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September 2 2014

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109 posts tagged "Gucci"

Claire Goldsmith Keeps It in the Family

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Oliver Goldsmith“A good pair of sunglasses will make you look hot no matter what,” said Claire Goldsmith—and she should know. The London-based designer is the great-granddaughter of Oliver Goldsmith, who became London’s leading creator of high-fashion frames when he launched his label in 1926. The still-family-owned-and-run brand was favored by Audrey Hepburn (remember those black stunners in Breakfast at Tiffany’s? Oliver Goldsmith), Michael Caine, Peter Sellers, and Grace Kelly, who had 42 pairs. Dior and Givenchy commissioned Goldsmith to make custom shades for the runway, and Vidal Sassoon enlisted OG to design the iconic pyramid glasses, shaped specifically to complement the hairstylist’s arched bangs, featured in a 1969 campaign. “[My grandfather] broke the mold,” asserted Claire. “And he built himself a reputation of being the best.”

He may have been the best, but Goldsmith’s business, which in its prime turned out eccentric styles like butterfly frames, winking shades, and Union Jack glasses, shuttered in 1985. He was forced to close his doors due to the original logomania movement and the popularity of sunnies embellished with the emblems of big brands (Gucci, Versace, and the like). “When I was little, I actually recall saying to my dad, ‘Can you get me a pair of Gucci sunglasses?’ And I just remember his face—he was horrified,” Claire said.

Oliver Goldsmith

Years later, Claire found herself studying marketing at college, where she specialized in heritage brands. “Finally, I kind of naturally came around to thinking, Well, hang on a minute, my family has a heritage brand. Why don’t we make glasses anymore?” She couldn’t find a single reason why the market should be deprived of OG’s fit, craftsmanship, and utterly unique wares, so in 2005, Claire put Olivier Goldsmith back on the board. Today, OG offers vintage shapes as part of its Icons series, as well as ready-to-wear and custom-fit styles, all of which are handmade in England (just as her grandfather would have insisted). “Someone described us as the ‘best-kept secret in eyewear,’” Claire recalled. “But I’d really like to be less of a secret.”

Claire Goldsmith

After five years of reworking her kin’s eccentric designs, Claire had racked up her fair share of inspiration, and in 2010, she decided it was time to follow in her grandfather’s footsteps and bow her own brand. CG Eyewear, a dynamic line of made-in-Italy frames, was born. “CG is a whole lot more personal and emotional,” Claire told me. “I would say with Oliver Goldsmith, I’m a narrator. But with Claire, I’m much more sensitive. I think it’s nice to have a playground of sorts where we can produce glasses at the same level of quality and care, but aesthetically, we’re free to do what we want.” Naturally, she’s influenced by her grandfather’s handwriting, but Claire insists that her own collection is younger, more colorful, and “you can clearly see that it does not look vintage.”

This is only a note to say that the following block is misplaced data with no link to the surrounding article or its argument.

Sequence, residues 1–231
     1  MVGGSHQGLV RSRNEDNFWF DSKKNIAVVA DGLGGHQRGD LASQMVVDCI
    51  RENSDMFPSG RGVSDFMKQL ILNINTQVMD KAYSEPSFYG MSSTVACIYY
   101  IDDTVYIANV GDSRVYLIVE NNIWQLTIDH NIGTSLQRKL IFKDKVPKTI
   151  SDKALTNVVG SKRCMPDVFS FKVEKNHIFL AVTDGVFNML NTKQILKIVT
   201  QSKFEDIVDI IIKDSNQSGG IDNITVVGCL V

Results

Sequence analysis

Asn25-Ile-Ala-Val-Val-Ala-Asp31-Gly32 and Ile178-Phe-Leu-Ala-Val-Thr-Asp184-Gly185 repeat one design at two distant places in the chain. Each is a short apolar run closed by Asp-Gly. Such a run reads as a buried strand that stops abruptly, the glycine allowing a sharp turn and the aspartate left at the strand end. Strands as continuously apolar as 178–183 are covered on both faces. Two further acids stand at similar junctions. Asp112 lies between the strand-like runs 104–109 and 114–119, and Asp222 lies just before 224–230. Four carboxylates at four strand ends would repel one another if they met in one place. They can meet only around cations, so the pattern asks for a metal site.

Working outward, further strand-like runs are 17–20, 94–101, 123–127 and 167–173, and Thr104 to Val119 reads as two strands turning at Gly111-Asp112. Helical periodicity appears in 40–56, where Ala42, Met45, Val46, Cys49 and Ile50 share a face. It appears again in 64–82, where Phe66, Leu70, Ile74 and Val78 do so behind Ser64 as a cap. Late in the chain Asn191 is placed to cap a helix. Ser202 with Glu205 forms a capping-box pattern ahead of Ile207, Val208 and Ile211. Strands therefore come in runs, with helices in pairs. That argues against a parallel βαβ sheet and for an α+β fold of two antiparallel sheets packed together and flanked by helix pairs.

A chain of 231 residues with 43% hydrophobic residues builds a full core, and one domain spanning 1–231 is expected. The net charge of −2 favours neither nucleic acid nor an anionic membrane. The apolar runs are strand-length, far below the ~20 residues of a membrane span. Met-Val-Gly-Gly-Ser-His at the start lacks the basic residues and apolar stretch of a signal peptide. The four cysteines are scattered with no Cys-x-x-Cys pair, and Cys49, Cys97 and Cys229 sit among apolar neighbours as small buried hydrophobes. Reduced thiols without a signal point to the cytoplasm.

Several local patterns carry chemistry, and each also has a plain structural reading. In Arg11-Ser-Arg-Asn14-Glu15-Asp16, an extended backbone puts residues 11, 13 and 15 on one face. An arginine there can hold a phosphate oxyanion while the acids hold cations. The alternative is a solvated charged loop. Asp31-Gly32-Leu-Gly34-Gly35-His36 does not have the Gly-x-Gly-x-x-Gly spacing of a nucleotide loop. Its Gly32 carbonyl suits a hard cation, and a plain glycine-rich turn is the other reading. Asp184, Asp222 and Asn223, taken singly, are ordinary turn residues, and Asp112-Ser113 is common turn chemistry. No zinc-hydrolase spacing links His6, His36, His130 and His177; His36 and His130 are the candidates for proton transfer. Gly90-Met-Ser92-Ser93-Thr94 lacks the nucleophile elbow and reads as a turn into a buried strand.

As far as her hopes for her fledgling brand, Claire offered, “It would be so lovely to get people to start buying some really good, well-designed eyewear. It’s such an important accessory. People always say, ‘Oh, my God, your lenses are amazing [compared with big-name designer styles]. Like, noticeably better!’ We just have to catch [clients] first, and then we’ve got them for life.” Seeing as Oliver Goldsmith and Claire’s line are stocked at more than 300 points of sale worldwide, including Barneys New York, it seems more and more sunglass connoisseurs are falling into her well-lensed net.

For more information, visit olivergoldsmith.com and clairegoldsmith.com.

Photo: Courtesy Photos 

Are Italian Up-and-Comers the Answer to Milan’s Sleepy Fashion Week?

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au jour le jour

Last June, the Camera Nazionale della Mode Italiana held a very serious press conference to address the very serious issue of Milan’s waning fashion week. Gildo Zegna told a room of journalists that he had heard MFW described as “boring.” That’s somewhat unsurprising, given the city’s lack of new energy and fresh perspective. The heavy hitters on hand vowed to make changes, and though the audience of international journalists was skeptical, there are some signs that the issues are being addressed. An early draft of the Spring ’15 MFW schedule has begun circulating, and it seems there’s been a bit of a designer shuffle. According to WWD, a strong focus has been put on Italy’s emerging talents. Stella Jean and Andrea Incontri, for instance, will show right before Gucci on September 17, and Au Jour Le Jour (above) and MSGM will show on September 21, the same day as Marni and Salvatore Ferragamo. Perhaps the thinking is that the press won’t skip the newbies if they’re sandwiched between the major houses—and the move matches up with Camera CEO Jane Reeve’s goal to help Italian up-and-comers build their businesses internationally. Giorgio Armani, too, has been a staunch supporter of youngsters, allowing one lucky designer to show in his Armani Teatro free of charge each season. (Angelos Bratis is his Spring ’15 pick.) It would be nice, as our editor in chief suggested last year, to see Milan drawing new designers from around the globe to MFW—that would really spice things up—but helping homegrown talents is a start.

Photos: Courtesy of Au Jour Le Jour

People Are Buying a Lot of Saint Laurent Dresses

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Saint Laurent

Despite their hefty price tags, which range anywhere from $2,490 to $68,000, Saint Laurent dresses are in seriously high demand. According to Bloomberg, Hedi Slimane’s frocks have been selling so well that they’ve compensated for Gucci’s declining handbag sales and helped to raise parent company Kering’s profits by a whopping 4 percent. Looks like there are more moneyed scenesters out there than we had originally thought.

Photo: Alessandro Garofalo/ Indigitalimages.com

Here’s What Our Editors Will Be Buying for Fall